Citizenship Ceremony

Posted Wanuskewin Heritage Park • Culture • Andrew's 2017 Adventure

What does it mean to you to be Canadian?
Wow, that’s a tough one… For nearly 40 future Canadian citizens, both young and old, this was one of a handful of questions they were asked to answer in front of a room full of eager and excited inductees, their family and their friends.
What surprised you the most about Canada?
What have you done recently that made you feel Canadian?
What difference can you make to the country?
Their answers to these questions were both humourous and extremely inspiring. The soon-to-be Canucks were surprised by how often Canadians apologized and how everyone holds the door for you, even when you’re 30 feet away. They felt the most Canadian when playing in the snow, and planned on making a difference through volunteer work within their communities. 
To some, becoming a Canadian meant extreme sacrifice: losing citizenship of their home country, leaving behind family and friends, and starting everything from scratch in an attempt to build a better life for themselves and their families. Before the ceremony I met a woman who had to leave her children and husband behind when she moved to Canada. It took her five years to save up enough money to fly her daughters, now six and 10 years old, to Canada where they would reunite. FIVE YEARS. The longest I’ve been away from my mother was four months. And that was more than enough.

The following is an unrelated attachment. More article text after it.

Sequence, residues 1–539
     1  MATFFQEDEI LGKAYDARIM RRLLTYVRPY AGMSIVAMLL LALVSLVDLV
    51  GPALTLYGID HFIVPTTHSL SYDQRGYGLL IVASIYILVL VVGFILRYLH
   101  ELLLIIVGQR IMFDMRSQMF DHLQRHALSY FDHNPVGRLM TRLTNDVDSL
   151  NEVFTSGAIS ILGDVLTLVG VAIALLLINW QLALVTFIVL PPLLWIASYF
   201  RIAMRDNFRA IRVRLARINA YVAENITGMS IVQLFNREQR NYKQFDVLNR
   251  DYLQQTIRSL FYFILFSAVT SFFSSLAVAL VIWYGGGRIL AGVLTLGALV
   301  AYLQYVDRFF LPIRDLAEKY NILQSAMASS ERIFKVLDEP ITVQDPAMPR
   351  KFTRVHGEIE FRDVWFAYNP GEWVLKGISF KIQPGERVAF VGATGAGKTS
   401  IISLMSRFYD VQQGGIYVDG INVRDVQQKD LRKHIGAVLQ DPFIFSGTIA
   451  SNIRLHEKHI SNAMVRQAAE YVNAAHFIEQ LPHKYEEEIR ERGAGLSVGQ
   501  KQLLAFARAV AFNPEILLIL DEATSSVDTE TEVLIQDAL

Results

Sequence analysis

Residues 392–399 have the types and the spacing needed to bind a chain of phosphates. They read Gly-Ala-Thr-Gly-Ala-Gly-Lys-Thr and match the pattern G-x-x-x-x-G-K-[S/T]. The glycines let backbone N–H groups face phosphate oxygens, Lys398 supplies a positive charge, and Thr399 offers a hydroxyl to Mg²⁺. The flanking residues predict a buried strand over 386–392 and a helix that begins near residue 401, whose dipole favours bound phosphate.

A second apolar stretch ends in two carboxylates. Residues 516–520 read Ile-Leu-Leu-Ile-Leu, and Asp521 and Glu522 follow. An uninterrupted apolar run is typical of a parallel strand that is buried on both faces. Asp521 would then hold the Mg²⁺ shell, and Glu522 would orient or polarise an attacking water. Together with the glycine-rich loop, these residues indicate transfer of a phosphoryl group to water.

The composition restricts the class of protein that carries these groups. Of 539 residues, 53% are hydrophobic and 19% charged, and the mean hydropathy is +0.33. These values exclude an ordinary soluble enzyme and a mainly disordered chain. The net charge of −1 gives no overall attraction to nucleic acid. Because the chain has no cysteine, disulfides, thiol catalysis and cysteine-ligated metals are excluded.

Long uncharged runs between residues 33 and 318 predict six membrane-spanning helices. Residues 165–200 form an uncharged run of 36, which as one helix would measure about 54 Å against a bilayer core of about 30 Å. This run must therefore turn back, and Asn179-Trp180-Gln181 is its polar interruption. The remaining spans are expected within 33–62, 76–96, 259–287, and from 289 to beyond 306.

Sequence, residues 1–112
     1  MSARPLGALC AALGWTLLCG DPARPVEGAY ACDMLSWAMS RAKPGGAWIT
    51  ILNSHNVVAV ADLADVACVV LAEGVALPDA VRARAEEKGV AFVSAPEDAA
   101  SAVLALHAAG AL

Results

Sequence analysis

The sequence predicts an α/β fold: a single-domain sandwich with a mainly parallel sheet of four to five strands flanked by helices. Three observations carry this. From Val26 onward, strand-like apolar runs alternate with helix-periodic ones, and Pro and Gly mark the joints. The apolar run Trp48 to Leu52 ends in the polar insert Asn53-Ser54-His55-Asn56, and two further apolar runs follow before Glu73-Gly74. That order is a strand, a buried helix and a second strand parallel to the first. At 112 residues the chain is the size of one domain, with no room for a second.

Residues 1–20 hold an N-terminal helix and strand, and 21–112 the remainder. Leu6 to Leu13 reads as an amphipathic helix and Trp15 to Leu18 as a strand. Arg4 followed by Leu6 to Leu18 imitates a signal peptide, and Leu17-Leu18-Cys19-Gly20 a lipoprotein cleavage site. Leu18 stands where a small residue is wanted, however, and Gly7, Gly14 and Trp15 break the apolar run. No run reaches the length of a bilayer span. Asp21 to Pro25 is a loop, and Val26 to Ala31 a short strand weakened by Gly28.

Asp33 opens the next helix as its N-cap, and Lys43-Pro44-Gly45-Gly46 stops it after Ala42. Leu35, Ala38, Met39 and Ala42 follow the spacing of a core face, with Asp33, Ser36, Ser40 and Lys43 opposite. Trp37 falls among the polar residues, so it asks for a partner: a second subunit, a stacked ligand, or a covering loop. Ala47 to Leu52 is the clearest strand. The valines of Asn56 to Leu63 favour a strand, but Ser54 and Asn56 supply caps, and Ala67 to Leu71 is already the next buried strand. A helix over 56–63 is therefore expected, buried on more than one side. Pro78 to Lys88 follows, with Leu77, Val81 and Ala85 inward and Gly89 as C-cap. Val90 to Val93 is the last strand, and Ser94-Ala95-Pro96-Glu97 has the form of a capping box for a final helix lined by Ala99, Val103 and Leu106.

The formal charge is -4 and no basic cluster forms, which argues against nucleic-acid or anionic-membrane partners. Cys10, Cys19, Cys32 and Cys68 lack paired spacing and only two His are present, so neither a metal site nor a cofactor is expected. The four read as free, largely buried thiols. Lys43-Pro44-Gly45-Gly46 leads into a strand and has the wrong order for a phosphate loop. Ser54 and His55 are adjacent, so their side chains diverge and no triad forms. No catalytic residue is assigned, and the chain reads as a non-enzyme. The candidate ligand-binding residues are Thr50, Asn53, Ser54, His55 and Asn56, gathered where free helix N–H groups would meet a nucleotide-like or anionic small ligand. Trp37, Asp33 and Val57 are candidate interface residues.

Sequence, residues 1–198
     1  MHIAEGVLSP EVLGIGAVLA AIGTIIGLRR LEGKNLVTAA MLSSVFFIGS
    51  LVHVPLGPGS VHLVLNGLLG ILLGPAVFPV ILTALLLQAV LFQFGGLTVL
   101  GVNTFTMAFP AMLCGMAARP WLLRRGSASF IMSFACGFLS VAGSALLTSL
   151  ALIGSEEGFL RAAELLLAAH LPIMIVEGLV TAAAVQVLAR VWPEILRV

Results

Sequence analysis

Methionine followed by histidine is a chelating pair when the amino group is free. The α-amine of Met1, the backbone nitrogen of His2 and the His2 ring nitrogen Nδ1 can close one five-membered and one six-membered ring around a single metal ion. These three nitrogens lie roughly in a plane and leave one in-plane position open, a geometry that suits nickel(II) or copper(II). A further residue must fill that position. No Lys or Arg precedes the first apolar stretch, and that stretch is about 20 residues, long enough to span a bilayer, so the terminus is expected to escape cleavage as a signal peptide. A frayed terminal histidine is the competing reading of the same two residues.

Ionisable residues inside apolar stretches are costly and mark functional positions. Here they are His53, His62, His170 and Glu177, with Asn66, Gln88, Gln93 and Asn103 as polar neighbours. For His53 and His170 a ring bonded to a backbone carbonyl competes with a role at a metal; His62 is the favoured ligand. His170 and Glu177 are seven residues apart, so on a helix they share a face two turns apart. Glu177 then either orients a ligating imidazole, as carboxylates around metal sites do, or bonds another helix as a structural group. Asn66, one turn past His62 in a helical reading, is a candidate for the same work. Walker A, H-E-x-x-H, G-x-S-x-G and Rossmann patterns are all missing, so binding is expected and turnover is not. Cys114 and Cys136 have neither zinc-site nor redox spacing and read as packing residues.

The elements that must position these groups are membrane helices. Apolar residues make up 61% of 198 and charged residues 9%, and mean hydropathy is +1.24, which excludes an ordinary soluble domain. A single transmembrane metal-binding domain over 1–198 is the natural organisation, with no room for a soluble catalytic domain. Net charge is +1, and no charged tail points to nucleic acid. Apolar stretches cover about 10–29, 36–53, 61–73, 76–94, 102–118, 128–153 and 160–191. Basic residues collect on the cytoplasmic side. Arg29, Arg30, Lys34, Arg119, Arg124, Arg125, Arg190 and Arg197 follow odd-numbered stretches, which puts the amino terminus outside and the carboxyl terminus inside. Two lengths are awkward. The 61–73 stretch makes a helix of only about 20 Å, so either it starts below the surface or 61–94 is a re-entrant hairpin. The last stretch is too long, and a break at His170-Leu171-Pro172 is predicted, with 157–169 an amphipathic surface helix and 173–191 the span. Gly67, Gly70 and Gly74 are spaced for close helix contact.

The ceremony itself took place at the incredible Wanuskewin Heritage Park, just a few kilometres north of Saskatoon. The history of Wanuskewin goes back thousands of years and it’s a place I will definitely be back to visit soon.
After this experience and some genuine reflection, I found that I often take so much of this country’s greatness for granted. The freedom, the security, and the endless opportunity are just a spec on a long list of reasons why we should all be grateful to live in such an amazing place. 
So, what does it mean to me to be Canadian?
It means welcoming all cultures, embracing diversity, holding doors, overusing "eh", and buying the person behind me at the Tim Hortons drive-thru a coffee.